After deposition of nitride layer 85, a resist 87 layer is formed on the nitride layer in the bottom portion of the trench, as shown in FIG. 3E. Resist is deposited or spun on by usual photolithographic techniques. The resist is then recessed into the trench to a controlled depth within the trench. This recessing may be done by any number of well-known techniques. The preferred techniques is by chemical downstream etching (CDE). The CDE process is designed to recess resist 87 and to isotropically etch nitride layer 85 selective to the underlying thin oxide. The thin oxide acts as an etch stop to the CDE process, so that the underlying amorphous silicon 83 is not etched.
After removal of nitride layer 85 from exposed regions, resist layer 87 is stripped leaving a region of nitride layer 85 in the bottom of trench 77 overlying a corresponding region of amorphous silicon layer 83. The exposed amorphous silicon in the upper region of the trench is then subjected to thermal oxidation at, for example, 1050° C., to consume all of the amorphous silicon and form an amorphous silicon oxide layer 89 approximately 55 nm thick, as shown in FIG. 3F. In this regard, the region of nitride layer 85 remaining in the bottom of the trench acts as an oxidation barrier to prevent thermal oxidation of the underlying amorphous silicon. The resulting amorphous silicon oxide layer 89 in the upper portion of the trench forms a relatively thin, uniform oxide collar over the circumference of the trench. The silicon nitride layer 81 underlying the oxide collar acts as an oxidation barrier to prevent lateral growth or enlargement of the trench during oxidation of the amorphous silicon. In addition, the silicon nitride layer 81 acts to improve the thickness uniformity of the deposited amorphous silicon layer and, thus, the uniformity of the resulting amorphous silicon oxide collar.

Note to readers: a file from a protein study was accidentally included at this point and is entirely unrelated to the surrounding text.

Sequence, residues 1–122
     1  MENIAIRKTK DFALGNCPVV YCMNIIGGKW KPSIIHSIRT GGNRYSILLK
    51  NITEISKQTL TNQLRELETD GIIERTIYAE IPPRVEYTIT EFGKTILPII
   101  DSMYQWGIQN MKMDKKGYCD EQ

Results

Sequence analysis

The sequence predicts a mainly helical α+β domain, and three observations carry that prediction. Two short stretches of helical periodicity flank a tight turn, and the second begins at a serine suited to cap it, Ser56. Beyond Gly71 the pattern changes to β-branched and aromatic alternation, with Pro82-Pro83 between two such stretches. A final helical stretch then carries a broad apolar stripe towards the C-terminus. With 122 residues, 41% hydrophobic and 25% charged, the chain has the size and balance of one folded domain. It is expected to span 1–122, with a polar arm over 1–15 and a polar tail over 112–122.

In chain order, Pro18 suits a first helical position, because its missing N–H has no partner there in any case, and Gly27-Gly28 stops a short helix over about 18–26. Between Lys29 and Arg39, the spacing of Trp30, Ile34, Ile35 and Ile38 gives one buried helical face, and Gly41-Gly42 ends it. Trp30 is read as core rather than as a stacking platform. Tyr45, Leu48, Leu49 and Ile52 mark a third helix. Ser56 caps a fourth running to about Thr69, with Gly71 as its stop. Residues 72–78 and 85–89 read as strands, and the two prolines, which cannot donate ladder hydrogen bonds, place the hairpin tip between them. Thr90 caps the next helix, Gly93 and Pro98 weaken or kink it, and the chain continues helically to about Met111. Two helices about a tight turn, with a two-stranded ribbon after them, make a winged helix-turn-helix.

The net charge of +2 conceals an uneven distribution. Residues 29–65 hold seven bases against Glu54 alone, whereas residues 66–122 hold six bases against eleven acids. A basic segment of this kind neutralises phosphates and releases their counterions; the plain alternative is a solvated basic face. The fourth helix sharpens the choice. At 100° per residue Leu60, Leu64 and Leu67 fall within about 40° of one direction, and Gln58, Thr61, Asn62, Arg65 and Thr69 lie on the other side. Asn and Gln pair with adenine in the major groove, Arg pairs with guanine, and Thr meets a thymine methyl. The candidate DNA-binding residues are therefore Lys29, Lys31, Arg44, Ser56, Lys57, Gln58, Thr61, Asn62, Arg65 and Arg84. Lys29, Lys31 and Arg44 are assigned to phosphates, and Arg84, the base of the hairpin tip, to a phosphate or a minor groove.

As shown in FIG. 3G, after forming silicon oxide collar 89, a series of etch steps are then employed to remove the various layers in the lower portion of the trench below the collar to allow formation of a trench capacitor. First a nitride etch and oxynitride etch are employed to remove the nitride layer 85 and any oxynitride remaining in the lower portion of the trench, below the oxide collar 89. A wet etch of HF-glycerol or HF-ethylene glycol, for example, may be used for this purpose. This etch step also removes approximately 10 nm of SiO2. A further wet etch is then employed to etch the amorphous silicon underlying the etched away nitride layer. Such etch should be selective to oxide and nitride. For example, NH4OH may be used for this purpose. Another wet nitride etch is then used to remove deep trench nitride liner 81 in the lower portion of the trench. This etch should be selective to oxide in the lower portion of the trench. Again, HF-glycerol or HF-ethylene glycol, for example, may be used for this purpose. In addition to nitride, about 10 nm of SiO2 are etched during this step. A trench bottling process using NH4OH may be employed at this point to enlarge the lower portion of the trench. Alternatively, the trench can be left as is.
After removing the various layers in the trench below the collar so as to expose the sidewalls of the silicon substrate 71, a n-type buried plate 91 may be formed, as in FIG. 3H. This plate may be formed at this point by arsenic gas phase doping. Alternatively, the plate could have been prepared by ion implantation of n-type dopants after initial formation of the trench, as shown in FIG. 3A. Another approach to forming the plate after initial formation of the trench would be to line the trench in the plate region with a dopant source, such as arsenic silicate glass, and outdiffuse the dopants into the substrate, as is known to those skilled in the art. Although not shown in FIG. 3H, the plate diffusion region may extend into the diffusion regions of adjacent cells to provide a common plate.
Thereafter, a thin nitride layer is deposited, for example, by CVD, as shown in FIG. 31. This is followed by subjecting the nitride layer to thermal reoxidation at about 900° C. or less to thus form the node dielectric layer 93. The use of a nitride/oxide layer improved the quality of the node dielectric.
Following formation of node dielectric layer 93, a heavily doped n-type polysilicon layer is deposited filling the trench. The polysilicon may then be annealed to heat the polysilicon seam. Chem-mech polishing (CMP) is then used to planarize the substrate down to node dielectric layer 93 providing a co-planar surface with it and the heavily doped polysilicon. RIE selective to oxide and nitride is then used to recess the polysilicon in the trench to form the second plate of the capacitor or storage node, as shown in FIG. 3J. Thereafter, node dielectric layer 93 above the storage node may be removed using a nitride etch.